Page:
Everyone will wear their paper hat for the duration of the meal, or even the rest of the day, tell the bad jokes and play with their gift for 10 seconds before it’s never used again.
Crackers are a big English tradition, and a Christmas dinner would not be the same without them.
|Find out more about Christmas crackers and the history in our post here.|
Where are the Best Christmas Markets in England?
German Markets came to England in the 1990s. They’ve grown from being a handful of stalls to some of the best Christmas markets in England having over 300 stalls!
These markets are hugely popular all over the country and you can find food, drinks, activities, gifts and decorations. Many people will attend a Christmas market during the run-up to the big day. And some will even travel hours to a city just to visit and enjoy the market.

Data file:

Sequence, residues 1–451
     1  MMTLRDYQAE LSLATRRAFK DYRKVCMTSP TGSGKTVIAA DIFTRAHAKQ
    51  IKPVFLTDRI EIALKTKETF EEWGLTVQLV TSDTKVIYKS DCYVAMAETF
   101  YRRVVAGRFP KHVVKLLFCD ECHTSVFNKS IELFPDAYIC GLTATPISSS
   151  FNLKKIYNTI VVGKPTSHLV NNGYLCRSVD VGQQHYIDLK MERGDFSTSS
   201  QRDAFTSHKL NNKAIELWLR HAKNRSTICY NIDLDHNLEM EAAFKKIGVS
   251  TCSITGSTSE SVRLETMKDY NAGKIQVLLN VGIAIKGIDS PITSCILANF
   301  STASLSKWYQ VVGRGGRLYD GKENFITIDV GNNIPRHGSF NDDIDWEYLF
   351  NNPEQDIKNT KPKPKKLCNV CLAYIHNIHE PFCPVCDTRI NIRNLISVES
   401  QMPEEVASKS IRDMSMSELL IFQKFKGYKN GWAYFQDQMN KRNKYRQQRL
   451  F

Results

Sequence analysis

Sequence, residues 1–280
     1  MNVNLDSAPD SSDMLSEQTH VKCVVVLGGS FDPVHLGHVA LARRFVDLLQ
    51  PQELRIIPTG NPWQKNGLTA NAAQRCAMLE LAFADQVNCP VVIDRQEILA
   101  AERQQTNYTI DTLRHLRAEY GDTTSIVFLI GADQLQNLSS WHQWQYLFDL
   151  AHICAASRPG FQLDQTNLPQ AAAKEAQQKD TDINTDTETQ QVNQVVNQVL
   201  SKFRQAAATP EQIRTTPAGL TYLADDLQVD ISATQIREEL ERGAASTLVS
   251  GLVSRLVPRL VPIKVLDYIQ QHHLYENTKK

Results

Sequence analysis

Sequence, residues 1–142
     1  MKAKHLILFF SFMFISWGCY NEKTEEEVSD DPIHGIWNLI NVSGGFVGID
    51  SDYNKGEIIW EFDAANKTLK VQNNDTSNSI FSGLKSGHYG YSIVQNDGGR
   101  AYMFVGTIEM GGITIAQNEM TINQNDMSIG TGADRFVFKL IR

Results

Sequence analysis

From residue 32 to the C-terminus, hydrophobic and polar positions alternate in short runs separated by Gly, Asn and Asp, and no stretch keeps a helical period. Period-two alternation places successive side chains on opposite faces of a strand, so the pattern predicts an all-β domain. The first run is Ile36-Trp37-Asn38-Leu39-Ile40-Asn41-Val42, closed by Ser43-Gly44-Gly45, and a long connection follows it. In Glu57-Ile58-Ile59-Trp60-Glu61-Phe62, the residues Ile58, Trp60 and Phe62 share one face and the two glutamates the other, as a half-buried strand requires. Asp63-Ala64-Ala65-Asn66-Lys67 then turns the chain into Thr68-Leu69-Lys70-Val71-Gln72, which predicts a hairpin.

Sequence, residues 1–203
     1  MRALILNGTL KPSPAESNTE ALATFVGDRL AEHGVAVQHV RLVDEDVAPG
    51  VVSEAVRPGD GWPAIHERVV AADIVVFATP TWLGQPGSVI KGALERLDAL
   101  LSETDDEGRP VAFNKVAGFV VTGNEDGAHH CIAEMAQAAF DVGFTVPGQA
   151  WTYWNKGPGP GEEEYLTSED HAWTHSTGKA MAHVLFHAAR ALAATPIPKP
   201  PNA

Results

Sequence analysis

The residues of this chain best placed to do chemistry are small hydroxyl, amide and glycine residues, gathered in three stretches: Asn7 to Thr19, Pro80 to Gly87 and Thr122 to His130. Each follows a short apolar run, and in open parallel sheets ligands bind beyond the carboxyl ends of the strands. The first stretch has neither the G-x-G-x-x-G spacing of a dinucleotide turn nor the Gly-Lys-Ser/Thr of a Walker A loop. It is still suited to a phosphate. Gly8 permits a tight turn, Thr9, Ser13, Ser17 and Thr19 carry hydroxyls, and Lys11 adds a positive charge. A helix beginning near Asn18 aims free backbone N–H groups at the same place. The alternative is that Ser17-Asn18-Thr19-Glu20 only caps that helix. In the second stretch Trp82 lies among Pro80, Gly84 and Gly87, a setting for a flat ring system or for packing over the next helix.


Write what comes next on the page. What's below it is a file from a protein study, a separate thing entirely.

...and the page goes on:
Christmas in England sees seasonal markets popping up in all of the major cities. We think the best Christmas markets in England are in Bristol, Birmingham and Manchester. And, the best part is, Christmas markets are all free if you’re there to soak up the festive atmosphere.
These winter markets capture the true German heritage whilst allowing traders from around Europe to sell their delicately crafted Yuletide goods such as gifts, crafts, jewellery, clothes and toys, and mouth-watering international foods. These make perfect gifts and stocking fillers.
|For more information on Christmas markets in Europe and how to have an amazing time, have a read of our article here.|
Final Thoughts on Christmas in England
Christmas in England is a blend of old and new traditions popping up every year, from all around the world. But of course, the most important part is who you spend it with.
Related Articles on Christmas Traditions:
- How Do They Celebrate Christmas In Australia?
- Christmas Markets Europe: Have The Best Trip Ever
- Why Do We Eat Turkey At Christmas – The Interesting Truth
- Christmas Day | Why We Celebrate Christmas
- Merry Christmas Meaning? Or Is It Happy Christmas?
- 24 Christmas Facts You Need To Know Now
- What is Boxing Day, The Day after Christmas?